Collaborative UX Design Workshops (Part 1)
Create A New Product in Seven Workshops
Editor comment: this article by Toni Steimle and Dieter Wallach originally appeared in Upload magazine (German) and has been changed slightly by our editing team.
When a company develops a new product or service, those responsible often have to deal with intense time pressure as well as manage employees from different departments. Digital products that are becoming more and more complex over time must be conceptualized and implemented in increasingly short timeframes. In this article, Toni Steimle and Dieter Wallach will show you how you can achieve your goals in seven workshops and always keep user experience in mind in their book Collaborative UX Design.
Their approach orchestrates the activities of an interdisciplinary team in collaborative product conception. The cornerstones of collaborative UX design are based on the approaches of design thinking, lean UX, agile development and people-centered models.
The product conception process begins with an analysis of the starting situation and of the problems to be solved: the project’s mission is explained. The team then works iteratively on finding solutions, coming up with various concept variations. The team members then come together to define a roadmap for the implementation of their solution concept.
Let’s take a closer look at the seven workshops. We’ve split up the problem analysis into two workshops:
In the Scoping Workshop, the team refines the core of the project’s mission together with the client. The team establishes the status quo of competing products and characterizes the special features, advantages and disadvantages of these solutions. A significant part of the scoping workshop is discovering the often implicit assumptions behind an order and specifying existing hypotheses about the users of an application. In the scoping workshop, critical assumptions are identified and research measures to review these are chosen.
After the scoping workshop, the defined research measures can be tackled: a work plan to prepare for the next workshop is created.
In the Inspiration & Synthesis Workshop, the team members evaluate the results of research activities. To this end, they create descriptions of existing work processes and identify product changes for their optimization. Analyses in the inspiration & synthesis workshop allow the review of user assumptions and support the formulation of empirically founded personas as user representatives modelled on archetypes. At this point, it is important to reflect on the previously defined project mission: is this still compatible with the new knowledge or are corrections needed? Often, it can be helpful to involve management in inspiration & synthesis workshops.
These two looser workshops have been mostly concerned with establishing a comprehensive understanding of the problem: hypotheses are created, facts collected and hypotheses validated.
The following workshops concentrate on finding solutions.
In the Ideation Workshop, the team searches for solution ideas for identified product opportunities. In the workshop, various creative methods are used to inspire the team: the workshop’s aim is to generate the widest possible variety of ideas. The result of the ideation workshop is a prioritized catalog of product design ideas.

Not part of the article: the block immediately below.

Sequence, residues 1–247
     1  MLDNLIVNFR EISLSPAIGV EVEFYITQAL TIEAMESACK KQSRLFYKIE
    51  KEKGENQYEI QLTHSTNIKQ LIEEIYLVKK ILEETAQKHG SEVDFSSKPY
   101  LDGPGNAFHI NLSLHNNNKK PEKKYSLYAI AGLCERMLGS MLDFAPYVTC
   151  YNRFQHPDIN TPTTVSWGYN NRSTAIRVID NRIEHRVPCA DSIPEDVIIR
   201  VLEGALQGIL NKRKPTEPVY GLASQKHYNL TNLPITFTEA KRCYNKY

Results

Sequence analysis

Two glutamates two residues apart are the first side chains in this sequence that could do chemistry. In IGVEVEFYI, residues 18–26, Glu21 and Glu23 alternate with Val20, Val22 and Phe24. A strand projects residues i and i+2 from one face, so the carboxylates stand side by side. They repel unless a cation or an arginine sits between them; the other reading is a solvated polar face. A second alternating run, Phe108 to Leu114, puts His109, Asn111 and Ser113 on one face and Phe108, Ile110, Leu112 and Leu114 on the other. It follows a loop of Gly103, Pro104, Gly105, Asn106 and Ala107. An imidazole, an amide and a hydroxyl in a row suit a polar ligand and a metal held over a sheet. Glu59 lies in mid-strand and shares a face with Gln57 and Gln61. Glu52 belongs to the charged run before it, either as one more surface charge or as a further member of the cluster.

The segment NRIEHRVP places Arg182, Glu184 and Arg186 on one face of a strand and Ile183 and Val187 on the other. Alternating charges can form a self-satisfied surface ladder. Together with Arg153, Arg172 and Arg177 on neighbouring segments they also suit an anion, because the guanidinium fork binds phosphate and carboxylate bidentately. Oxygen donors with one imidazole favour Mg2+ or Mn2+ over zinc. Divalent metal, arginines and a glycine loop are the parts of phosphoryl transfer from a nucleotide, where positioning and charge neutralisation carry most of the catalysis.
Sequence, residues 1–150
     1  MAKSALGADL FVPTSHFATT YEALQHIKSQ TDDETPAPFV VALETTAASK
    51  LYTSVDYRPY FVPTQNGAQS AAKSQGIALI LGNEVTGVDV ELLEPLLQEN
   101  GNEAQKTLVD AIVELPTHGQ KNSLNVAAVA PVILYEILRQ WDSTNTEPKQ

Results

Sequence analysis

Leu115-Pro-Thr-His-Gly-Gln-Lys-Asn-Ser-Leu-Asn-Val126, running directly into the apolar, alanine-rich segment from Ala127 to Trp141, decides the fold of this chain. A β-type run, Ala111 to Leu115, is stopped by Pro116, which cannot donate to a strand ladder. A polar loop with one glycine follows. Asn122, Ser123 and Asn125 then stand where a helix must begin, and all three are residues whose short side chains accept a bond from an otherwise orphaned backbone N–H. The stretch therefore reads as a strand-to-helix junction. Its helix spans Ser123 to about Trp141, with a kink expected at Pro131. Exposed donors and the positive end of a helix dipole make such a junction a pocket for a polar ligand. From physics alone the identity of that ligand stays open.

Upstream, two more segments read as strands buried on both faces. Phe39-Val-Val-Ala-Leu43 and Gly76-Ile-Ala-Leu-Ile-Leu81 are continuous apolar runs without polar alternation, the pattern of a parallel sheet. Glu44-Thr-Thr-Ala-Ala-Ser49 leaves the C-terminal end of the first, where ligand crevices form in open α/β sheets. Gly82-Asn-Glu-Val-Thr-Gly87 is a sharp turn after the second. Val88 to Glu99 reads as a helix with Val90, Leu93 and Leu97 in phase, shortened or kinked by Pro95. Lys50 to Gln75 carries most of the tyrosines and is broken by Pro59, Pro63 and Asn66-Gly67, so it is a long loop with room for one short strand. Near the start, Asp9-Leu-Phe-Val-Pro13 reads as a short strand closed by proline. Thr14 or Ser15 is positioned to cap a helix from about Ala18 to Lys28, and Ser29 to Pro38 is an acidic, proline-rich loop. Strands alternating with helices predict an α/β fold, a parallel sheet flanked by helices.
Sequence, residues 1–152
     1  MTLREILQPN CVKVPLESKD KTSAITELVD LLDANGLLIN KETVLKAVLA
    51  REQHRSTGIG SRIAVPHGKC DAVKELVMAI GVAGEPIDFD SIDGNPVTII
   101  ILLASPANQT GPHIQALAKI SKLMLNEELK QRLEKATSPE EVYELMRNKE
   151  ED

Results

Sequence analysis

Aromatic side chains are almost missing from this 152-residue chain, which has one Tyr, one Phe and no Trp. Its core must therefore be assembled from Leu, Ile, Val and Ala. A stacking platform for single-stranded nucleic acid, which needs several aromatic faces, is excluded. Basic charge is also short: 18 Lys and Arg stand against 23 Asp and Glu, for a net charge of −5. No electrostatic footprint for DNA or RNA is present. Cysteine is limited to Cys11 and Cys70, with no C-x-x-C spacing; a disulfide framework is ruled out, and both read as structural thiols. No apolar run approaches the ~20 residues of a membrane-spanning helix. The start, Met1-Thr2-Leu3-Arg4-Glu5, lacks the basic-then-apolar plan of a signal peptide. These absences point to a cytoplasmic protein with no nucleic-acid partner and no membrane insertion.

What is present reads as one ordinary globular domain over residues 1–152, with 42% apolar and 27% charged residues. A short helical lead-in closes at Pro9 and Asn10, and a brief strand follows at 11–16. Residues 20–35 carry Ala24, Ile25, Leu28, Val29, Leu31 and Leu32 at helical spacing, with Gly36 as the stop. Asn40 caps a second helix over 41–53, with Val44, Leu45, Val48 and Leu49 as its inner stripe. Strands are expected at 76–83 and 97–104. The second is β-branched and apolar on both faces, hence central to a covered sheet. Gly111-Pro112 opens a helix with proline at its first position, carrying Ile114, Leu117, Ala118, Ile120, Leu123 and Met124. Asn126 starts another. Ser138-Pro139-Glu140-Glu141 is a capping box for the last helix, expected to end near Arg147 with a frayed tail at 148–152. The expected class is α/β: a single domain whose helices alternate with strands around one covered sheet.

In the Concept Workshop, participants develop the completed catalog of ideas to come up with a coherent solution concept. They develop a vision of possible use scenarios and use this as the foundations to come up with an image of a solution’s future functionality. An initial, and abstract at first, view of the future product’s user interface is created in the content workshop. This is then specified until there is a concept suggestion for the product.
There are even more assumptions behind the complete concept suggestion: assumptions about user needs and the suitability of certain solutions. The identification of these assumptions forms the object of a Prototyping Workshop, aiming to create an initial interactive version of the product concept. The prototype’s validation is the core focus of the upcoming validation workshop. For this following workshop, the team members come up with a validation plan in the prototyping workshop that outlines what kind of prototype is suitable to validate the concept. They then begin to develop a prototype together. The aim isn’t to specify the solution, rather primarily to prepare the concept review.
After the prototyping workshop, the prototype is finalized and tested. It is then possible to observe users using the prototype so that feedback can impact the further development of the concepts.
As already mentioned, participants evaluate the results of these observations in the Validation Workshop. They compile the recorded observations, before categorizing and weighting them. In the validation workshop, they continue to consider the originally defined assumptions and evaluate whether the developed concept is based on suitably robust foundations. If this question can be answered in the affirmative, the concept can be implemented in a small release and market feedback collected.
In the last workshop — MVP planning — the team creates a product roadmap. The goal is to determine an initial minimal version of a compelling release, a minimum viable product. To this end, the team re-prioritizes the relevant product functionalities. Team members must take various factors into consideration, such as expected benefits for users and customers, contribution to the achievement of business aims and the cost of implementation. They choose the roadmap to allow for the formulation of reviewable hypotheses.
In the second part of the article, you can find out more about the basic principles that guide a workshop to success, as well as practice-oriented examples.